Senegal inaugurated its giant "African Renaissance" monument on Saturday, brushing aside complaints that the $28 million personal project of President Abdoulaye Wade was a waste of money and un-Islamic.
Wade arrived at the statue of a man, woman and child to the sounds of African drumming and dancers in traditional costume as hundreds of his supporters watched, some waving banners urging him to seek another term in 2012 elections.
He said the monument was for all of Africa. "It brings to life our common destiny," he said. "Africa has arrived in the 21st century standing tall and more ready than ever to take its destiny into its hands."
Slightly bigger than New York's Statue of Liberty, the monument perched on a hill overlooking the capital Dakar has been criticized as a waste of money in a country with crumbling infrastructure and welfare provision.
One imam in the mainly Muslim West African state issued a fatwa on Friday condemning the statue as idolatrous, a charge dismissed by Wade's allies.
Its supporters argue that Africa, many of whose states are still struggling to find their feet a half a century after independence, needs symbols of hope for the future.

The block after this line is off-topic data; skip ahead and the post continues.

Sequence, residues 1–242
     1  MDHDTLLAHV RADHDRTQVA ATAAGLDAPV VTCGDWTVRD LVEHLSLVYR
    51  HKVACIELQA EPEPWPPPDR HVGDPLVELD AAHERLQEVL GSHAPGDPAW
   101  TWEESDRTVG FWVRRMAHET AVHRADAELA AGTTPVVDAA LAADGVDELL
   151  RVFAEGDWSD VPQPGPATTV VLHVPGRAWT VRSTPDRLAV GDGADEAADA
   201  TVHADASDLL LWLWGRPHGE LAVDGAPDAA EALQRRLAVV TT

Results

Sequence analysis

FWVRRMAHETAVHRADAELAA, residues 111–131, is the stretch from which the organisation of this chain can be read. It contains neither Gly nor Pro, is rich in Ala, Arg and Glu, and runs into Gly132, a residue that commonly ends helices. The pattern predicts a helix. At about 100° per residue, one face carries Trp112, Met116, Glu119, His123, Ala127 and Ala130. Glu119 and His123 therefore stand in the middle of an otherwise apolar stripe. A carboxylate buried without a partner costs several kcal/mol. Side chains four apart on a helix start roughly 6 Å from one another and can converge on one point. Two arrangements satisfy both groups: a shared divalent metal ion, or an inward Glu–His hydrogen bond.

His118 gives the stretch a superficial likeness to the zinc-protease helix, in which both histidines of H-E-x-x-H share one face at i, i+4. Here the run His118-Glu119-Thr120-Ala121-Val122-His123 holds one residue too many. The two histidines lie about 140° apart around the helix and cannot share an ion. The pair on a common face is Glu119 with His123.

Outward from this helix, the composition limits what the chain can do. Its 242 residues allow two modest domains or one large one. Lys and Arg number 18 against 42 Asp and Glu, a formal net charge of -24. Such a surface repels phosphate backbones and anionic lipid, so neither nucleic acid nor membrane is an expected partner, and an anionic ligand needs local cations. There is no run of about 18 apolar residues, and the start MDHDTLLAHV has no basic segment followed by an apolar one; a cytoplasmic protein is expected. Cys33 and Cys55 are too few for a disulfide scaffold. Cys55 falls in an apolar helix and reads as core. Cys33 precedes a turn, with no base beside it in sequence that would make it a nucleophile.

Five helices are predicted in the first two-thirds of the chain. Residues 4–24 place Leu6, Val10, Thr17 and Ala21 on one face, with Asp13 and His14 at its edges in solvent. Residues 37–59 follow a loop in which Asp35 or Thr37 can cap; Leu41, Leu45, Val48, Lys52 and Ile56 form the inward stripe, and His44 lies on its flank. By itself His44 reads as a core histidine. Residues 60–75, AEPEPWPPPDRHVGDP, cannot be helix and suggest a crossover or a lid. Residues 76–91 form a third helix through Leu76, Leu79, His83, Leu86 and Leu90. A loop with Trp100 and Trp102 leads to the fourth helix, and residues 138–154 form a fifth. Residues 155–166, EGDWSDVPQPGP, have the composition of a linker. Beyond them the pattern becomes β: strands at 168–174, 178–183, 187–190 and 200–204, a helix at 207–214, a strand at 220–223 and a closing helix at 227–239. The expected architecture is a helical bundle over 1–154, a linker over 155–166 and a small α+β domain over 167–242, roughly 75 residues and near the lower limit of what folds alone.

"Every architectural work sparks controversies — look at the Eiffel Tower in Paris," pro-Wade senator Ahmed Bachir Kounta told Reuters of the 19th-century structure labeled by early critics as an expensive eyesore.
Wade, who at 83 has confirmed he will seek reelection in 2012, invited around 30 African and other heads of state to the ceremony, and several including Zimbabwe President Robert Mugabe were in attendance.
At the foot of the statue sat dozens of facepainted children representing a charity for impoverished youth which is due to receive cash from the monument's tourist proceeds.
Wade wore a modern western-style suit to the inauguration while his wife wore a colorful boubou, a flowing full-length garment traditional in West Africa.
Rising cost of living
Many Dakar residents, struggling with increasingly frequent power cuts, disintegrating city roads and scarce formal employment, have mixed feelings about the monument.
"In 2010, Africa has to re-born," said 36-year-old Thierno Dienj, who was among the crowd at a small anti-government rally on Saturday.
"But this monument doesn't take into account the rising cost of living here," he said, repeating a common complaint about price increases in basic foodstuffs and public transport.
The notion of an "African Renaissance" came to the fore in the 1990s amid optimism that the continent was shaking off the effects of colonialism and Cold War-era meddling by superpowers.
Leaders such as Wade and former South African President Thabo Mbeki used the idea to drive projects such as the New Partnership for Africa's Development (NEPAD), an economic development program which has achieved modest results so far.